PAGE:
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Luka

FW190 Strikethrough swastika

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Hi all,

I'm looking for some info on JG.54 FW190A-8's that had a big white stripe through the tail swastika.
I did find several colour profiles and 3d renderings, but only two photos of one plane with this feature.

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Also, did this actually have a political reason? It sure looks very prominent.

Gr,
L

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Most likely the white stripe was photoshopped in modern times to make it less prominent and avoid prosecution on countries than have the Swastka banned.

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15 minutes ago, Sturmovik said:

Most likely the white stripe was photoshopped in modern times to make it less prominent and avoid prosecution on countries than have the Swastka banned.

Doesn't look like it, the stripe extends onto the rudder. Besides there're more convincing ways to Photoshop out a swastika.

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Could it be a wreck postwar, and the powers that be were just blotting out the image of the swastika with a bucket of white paint ?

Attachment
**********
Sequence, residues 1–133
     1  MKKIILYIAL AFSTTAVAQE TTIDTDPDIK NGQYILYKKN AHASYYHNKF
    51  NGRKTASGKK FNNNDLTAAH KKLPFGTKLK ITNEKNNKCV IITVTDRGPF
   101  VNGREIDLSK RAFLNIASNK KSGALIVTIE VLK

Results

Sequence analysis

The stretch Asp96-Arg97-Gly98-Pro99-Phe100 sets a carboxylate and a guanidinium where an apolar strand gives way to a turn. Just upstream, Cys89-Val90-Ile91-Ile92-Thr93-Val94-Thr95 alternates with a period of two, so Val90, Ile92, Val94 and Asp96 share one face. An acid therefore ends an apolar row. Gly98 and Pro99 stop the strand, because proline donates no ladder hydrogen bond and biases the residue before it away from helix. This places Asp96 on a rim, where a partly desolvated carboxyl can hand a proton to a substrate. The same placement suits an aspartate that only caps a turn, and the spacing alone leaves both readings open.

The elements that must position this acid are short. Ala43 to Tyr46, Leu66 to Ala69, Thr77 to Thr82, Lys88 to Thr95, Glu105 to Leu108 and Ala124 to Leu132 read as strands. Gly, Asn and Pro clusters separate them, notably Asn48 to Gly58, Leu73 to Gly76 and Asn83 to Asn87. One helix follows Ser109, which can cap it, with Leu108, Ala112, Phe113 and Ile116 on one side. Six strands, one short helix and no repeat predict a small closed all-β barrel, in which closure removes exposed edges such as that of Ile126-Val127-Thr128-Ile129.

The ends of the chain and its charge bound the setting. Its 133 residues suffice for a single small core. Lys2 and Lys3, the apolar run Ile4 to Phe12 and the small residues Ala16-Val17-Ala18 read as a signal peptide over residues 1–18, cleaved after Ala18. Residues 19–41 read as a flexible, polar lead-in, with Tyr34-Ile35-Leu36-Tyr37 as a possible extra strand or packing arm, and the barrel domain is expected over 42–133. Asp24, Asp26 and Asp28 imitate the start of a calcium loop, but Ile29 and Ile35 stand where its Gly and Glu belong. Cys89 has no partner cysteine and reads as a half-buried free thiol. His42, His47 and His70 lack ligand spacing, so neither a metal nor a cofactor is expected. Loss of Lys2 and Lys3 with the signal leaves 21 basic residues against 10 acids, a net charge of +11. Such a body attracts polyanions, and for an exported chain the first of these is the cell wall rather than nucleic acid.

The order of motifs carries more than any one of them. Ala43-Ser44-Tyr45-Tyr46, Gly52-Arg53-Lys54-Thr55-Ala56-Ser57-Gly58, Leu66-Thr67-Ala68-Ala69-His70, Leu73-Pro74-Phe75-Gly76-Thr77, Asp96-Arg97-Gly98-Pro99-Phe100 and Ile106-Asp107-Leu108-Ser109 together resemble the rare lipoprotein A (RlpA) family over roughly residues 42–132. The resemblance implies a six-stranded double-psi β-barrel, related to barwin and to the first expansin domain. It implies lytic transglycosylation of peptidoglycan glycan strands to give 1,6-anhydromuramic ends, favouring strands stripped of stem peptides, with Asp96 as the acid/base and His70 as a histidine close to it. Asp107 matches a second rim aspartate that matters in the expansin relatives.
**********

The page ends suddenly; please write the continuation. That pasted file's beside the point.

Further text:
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Hi

     Looks like a photo that had been modified for an e bay sale

 

   maybe a german seller? 

 

    quite a few of e bay photos have lines like this 

   cheers

     jerry 

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Here's the second photo;

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If this was censored, then I suspect it may have been done on the negative itself; the stripe has the same 'grit' as the rest of the pic, and if this would be a modern (Photoshop) censoring, I guess it would have been done differently (as Oldynewby pointed out).

The profile and 3d images I found are from 'black 7', which is depicted with a similar stripe.
I don't know if they are based on these same photos, or that other photo material exists of that plane. I usually don't trust artwork if it's not backed by wartime photos.



 

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When Rudel and his unit flew to surrender to the Americans, they had 2 thin white strips painted onto the rudder as an indication of there intentions. Could this be the same thing. Also, they deliberatly made heavy landings to break the undercarrage and reck the aircraft. Could it be the same here.